Map & Heat Map


Map charts are mainly used when viewing precise geographical data points. This chart type requires specific data. It needs a single object that returns coordinates (latitude/longitude) with a label, and a measure that will be attached to each of these coordinates. The size of a circle on a map is determined by how large the measure is for a coordinate. The larger the circle, the higher the measure value. 

Unless you actually have latitude and longitude stored in your database you will need to create a table or view that contains the latitude and longitude that you can then join to your dataset ; this might be at a very granular level such as postcode or it might be at a higher level such as mapping ‘Northern Sales Region’ to the latitude and longitude for somewhere central to your sales region of that name (Wikipedia entries on most cities will provide their Latitude/ Longitude).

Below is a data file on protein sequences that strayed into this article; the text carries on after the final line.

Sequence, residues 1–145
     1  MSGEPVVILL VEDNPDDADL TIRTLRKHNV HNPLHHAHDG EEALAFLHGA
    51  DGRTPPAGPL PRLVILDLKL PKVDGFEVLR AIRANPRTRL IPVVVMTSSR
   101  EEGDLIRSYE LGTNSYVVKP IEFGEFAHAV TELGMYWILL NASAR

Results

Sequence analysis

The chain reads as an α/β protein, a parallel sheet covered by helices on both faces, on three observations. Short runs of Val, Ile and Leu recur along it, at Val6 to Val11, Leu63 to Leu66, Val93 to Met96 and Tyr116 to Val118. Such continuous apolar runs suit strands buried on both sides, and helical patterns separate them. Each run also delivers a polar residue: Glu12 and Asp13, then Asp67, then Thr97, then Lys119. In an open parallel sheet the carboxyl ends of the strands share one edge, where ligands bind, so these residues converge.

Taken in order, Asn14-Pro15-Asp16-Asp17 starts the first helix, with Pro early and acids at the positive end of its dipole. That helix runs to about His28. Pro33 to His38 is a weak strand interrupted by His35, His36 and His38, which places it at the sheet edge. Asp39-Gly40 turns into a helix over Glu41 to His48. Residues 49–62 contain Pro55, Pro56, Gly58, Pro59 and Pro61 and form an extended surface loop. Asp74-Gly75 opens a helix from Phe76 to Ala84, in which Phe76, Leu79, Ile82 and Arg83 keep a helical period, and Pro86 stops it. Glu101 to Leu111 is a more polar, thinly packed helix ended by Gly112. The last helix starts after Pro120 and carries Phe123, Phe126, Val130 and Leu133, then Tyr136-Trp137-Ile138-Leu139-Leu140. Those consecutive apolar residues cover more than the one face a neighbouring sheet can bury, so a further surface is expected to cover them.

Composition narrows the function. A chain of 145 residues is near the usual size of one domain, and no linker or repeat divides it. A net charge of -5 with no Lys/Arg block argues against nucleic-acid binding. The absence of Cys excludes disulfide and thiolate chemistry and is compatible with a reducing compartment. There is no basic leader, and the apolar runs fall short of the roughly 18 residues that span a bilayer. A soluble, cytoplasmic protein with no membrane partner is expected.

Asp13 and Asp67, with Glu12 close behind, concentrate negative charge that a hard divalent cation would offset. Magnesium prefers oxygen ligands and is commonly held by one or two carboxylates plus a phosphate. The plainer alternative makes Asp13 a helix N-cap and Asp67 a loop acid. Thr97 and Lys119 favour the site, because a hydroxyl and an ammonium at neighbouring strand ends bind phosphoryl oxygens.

An example of a Map using different colours to shows customers who have less than 100 employees, between 100 and 1000 employees and over 1000 employees.

Heat Map

This requires the same dimension object as a map to ascertain Latitude/ Longitude. Heat maps are used when the precise location is not important, but the general location is. For example, the number of orders in a certain area, the colours in the heat map indicate the areas where there is a bigger concentration of the measure value.


This example uses a Heat Map to show that the customers with the largest number of employees are mainly in the London and Midland regions.

Please also refer to How to Create Map Charts for more information.